B.1. The gated Command
The syntax of
gated command is:
gated [-v] [-c] [-C] [-n] [-N] [-t trace_options] [-f config_file] [trace_file]
The -c and -n command-line
options debug the routing configuration file without impacting the
network or the
kernel routing table. Frequently,
these debugging options are used with a test configuration identified
by the -f config_file
Tells gated to read the configuration file and
check for syntax errors. When gated finishes
reading the configuration file, it produces a snapshot of its status
and then terminates. It writes the snapshot to
gated with the -c option does
not require superuser privileges, and it is not necessary to
terminate the active gated process.
Checks the configuration file for syntax errors.
gated exits with a status 1 if there are errors
and 0 if there are none. Because this provides exit status, it is
useful for script files.
Tells gated not to update the kernel routing
table. This is used to test the routing configuration with real
routing data without interfering with system operation.
- -f config_file
Tells gated to read the configuration from
config_file instead of from the default
configuration file, /etc/gated.conf. Used in
conjunction with the -c option,
-f checks a new configuration without interfering
with the currently running gated configuration.
The -v option causes gated to
display its version number. When this is used, no other options are
used because gated terminates immediately after
displaying the version information.
The -N command-line option prevents
gated from running in background mode as a daemon.
This option is used when gated is started from
inittab. By default, gated
runs as a daemon.
trace_file are used for protocol
trace_file argument names the file to
which the trace output is written. If a file is not specified, the
trace is written to the standard output. Tracing usually produces a
large amount of output.
The command-line options used for tracing are:
This option turns on tracing. If -t is specified
with no trace_options,
gated defaults to general
tracing, which traces normal protocol interactions and routing table
changes. gated always logs protocol errors even if
no tracing is specified. You can define several different
trace_options, all of which are described
later in this appendix. A few
send, recv) cannot be specified
on the gated command line. Two others are most
useful when they are defined on the command line:
Traces the symbols read from the kernel, which is primarily of
interest to developers debugging the interaction of
gated and the kernel.
Traces the list of interfaces read from the kernel. Use this to
determine what interfaces are detected by the kernel interface scan.
The advantage of placing a trace option on the command line is that
it can trace activities that happen before the configuration file is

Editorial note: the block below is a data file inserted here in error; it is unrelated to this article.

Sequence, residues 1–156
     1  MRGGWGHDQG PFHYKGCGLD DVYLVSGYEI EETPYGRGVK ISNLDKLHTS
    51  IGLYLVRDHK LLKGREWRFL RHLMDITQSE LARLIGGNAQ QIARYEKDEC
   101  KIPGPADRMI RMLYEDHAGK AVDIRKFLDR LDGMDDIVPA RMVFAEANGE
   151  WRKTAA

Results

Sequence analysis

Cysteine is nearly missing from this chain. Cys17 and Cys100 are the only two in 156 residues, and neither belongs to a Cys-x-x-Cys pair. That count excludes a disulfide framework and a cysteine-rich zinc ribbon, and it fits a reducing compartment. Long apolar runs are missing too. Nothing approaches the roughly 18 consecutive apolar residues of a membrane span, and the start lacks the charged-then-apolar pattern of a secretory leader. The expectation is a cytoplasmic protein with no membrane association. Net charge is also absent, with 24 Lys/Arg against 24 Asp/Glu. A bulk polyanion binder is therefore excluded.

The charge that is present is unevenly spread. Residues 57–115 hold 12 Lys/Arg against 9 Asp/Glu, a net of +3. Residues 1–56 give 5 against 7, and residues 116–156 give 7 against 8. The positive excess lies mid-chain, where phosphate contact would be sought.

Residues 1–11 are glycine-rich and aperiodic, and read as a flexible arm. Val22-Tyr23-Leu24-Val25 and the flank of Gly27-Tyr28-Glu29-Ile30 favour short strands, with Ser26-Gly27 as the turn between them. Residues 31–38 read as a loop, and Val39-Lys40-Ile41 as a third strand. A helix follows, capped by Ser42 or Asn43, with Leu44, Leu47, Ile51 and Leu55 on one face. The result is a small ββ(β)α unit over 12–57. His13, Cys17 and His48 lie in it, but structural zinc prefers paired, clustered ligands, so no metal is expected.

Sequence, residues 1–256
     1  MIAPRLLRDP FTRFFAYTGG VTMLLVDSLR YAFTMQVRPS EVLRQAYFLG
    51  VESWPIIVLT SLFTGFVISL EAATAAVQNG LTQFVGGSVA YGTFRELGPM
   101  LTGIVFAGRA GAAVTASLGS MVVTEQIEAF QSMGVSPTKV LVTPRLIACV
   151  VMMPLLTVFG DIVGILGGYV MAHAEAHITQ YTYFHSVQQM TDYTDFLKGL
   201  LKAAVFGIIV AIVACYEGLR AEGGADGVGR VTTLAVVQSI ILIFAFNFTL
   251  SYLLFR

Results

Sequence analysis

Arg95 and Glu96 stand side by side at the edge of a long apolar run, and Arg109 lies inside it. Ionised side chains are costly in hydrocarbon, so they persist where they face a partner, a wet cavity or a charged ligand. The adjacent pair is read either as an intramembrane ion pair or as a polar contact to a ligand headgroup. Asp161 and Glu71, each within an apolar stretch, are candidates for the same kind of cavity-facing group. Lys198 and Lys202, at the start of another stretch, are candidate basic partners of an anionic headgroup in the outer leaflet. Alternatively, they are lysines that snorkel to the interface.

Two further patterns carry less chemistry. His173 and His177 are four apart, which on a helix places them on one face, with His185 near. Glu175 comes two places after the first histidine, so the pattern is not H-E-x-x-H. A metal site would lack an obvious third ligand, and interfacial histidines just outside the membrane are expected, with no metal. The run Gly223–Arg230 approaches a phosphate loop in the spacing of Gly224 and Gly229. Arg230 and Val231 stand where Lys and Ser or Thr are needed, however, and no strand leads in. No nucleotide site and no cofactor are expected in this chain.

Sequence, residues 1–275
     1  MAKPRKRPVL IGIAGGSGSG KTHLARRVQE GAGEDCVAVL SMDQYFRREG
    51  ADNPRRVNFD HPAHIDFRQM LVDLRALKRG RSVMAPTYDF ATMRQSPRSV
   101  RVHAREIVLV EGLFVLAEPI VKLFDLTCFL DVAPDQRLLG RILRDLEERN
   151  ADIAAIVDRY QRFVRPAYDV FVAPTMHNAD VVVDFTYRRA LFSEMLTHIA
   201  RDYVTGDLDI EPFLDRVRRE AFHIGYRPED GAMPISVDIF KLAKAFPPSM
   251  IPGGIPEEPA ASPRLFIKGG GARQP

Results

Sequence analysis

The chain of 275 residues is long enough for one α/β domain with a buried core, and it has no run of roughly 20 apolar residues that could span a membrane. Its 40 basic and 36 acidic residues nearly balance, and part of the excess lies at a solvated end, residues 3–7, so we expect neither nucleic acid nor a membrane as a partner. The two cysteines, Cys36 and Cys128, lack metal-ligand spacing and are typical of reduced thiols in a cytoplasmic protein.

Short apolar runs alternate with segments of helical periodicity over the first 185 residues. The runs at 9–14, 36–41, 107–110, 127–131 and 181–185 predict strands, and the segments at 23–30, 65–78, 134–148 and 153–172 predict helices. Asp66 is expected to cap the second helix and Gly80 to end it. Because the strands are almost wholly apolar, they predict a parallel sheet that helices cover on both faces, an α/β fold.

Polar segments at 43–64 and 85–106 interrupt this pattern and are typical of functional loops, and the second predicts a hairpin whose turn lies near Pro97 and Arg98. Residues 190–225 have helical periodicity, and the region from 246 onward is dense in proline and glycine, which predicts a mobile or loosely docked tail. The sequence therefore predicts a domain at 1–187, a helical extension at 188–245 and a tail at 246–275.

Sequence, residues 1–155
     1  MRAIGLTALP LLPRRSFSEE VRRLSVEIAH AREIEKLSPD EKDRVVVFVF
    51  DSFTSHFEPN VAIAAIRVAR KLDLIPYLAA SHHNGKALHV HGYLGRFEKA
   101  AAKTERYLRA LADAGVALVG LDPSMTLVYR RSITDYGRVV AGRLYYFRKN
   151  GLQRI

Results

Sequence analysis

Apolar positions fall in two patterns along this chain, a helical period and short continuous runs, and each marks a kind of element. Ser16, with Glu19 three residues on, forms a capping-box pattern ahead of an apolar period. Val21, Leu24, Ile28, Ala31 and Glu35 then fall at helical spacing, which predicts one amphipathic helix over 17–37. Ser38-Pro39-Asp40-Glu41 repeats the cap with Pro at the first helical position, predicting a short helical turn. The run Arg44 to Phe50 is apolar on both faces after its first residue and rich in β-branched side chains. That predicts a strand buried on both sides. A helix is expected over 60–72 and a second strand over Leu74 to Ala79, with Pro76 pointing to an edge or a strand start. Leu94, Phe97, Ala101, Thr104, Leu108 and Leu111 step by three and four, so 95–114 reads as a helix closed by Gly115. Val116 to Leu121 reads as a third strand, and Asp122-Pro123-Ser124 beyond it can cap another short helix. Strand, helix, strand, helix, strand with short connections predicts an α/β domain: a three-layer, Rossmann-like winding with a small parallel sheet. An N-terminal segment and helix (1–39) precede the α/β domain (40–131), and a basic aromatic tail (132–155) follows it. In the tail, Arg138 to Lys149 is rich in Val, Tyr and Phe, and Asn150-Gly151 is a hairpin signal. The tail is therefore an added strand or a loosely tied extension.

processed. For the two options listed above, this is an essential
advantage. For other options, it is not very important. Most trace
options are specified in the configuration file. See the
traceoptions command later in this appendix for
B.1.1. Signal Processing
Tells gated to reread the configuration file. The
new configuration replaces the one that gated is
currently running. SIGHUP loads the new configuration file without
interrupting gated service. SIGHUP is available
for quick configuration changes. At most sites, the routing
configuration changes infrequently. The few times you need to change
to a new configuration, terminate gated and rerun
it with the new configuration. This is a more accurate test of how
things will run at the next boot.
Tells gated to snapshot its current state to the
Tells gated to shut down gracefully. All protocols
are shut down following the rules of that protocol. For example, EGP
sends a CEASE message and waits for it to be confirmed. SIGTERM
removes from the kernel routing table all routes learned via the
exterior routing protocols. If you need to preserve those routes
while gated is out of operation, use SIGKILL.
Tells gated to terminate immediately and dump
core. Routes are not removed from the routing table, and no graceful
shutdown is attempted.
Tells gated to toggle tracing. If no trace flags
are set, SIGUSR1 has no effect. But if tracing is enabled, the first
SIGUSR1 causes gated to toggle off tracing and to
close the trace file. The next SIGUSR1 turns tracing back on and
opens the trace file. When the trace file is closed, it can be moved
or removed without interfering with the operation of
gated. Use this to periodically empty out the
trace file to prevent it from becoming too large.
Tells gated to check for changes in the status of
the network interfaces.
The following is an example of gated signal
handling. First, the SIGUSR1 signal is passed to the
gated process using the process ID obtained from
the gated.pid file
(/var/run/gated.pid in this case).
# kill -USR1 'cat /var/run/gated.pid'
Next, the old trace file (/usr/tmp/gated.log in
this case) is removed, and gated is passed another
# rm /usr/tmp/gated.log
# kill -USR1 'cat /etc/gated.pid'
After receiving the second signal, gated opens a
fresh trace file (still named
/usr/tmp/gated.log). An ls
shows that the new file has been created.
# ls -l /usr/tmp/gated.log
-rw-rw-r-- 1 root 105 Jul 6 16:41 /usr/tmp/gated.log